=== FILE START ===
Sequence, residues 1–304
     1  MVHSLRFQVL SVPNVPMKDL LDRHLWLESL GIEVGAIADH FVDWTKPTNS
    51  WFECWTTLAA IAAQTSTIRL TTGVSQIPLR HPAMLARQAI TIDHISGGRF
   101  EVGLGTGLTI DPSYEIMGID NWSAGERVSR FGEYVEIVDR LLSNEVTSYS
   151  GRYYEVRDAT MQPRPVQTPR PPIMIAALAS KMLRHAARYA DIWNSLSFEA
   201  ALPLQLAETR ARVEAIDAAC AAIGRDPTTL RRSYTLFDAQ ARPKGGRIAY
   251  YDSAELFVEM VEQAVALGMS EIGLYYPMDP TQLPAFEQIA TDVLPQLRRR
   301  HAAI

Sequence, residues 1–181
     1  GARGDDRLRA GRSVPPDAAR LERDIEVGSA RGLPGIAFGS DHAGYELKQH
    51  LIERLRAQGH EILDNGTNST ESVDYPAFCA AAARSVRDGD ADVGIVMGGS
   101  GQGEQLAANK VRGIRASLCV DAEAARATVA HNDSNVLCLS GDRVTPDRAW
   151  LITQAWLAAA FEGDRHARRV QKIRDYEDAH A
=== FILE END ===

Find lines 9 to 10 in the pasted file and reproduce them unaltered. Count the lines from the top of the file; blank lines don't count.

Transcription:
Sequence, residues 1–181
     1  GARGDDRLRA GRSVPPDAAR LERDIEVGSA RGLPGIAFGS DHAGYELKQH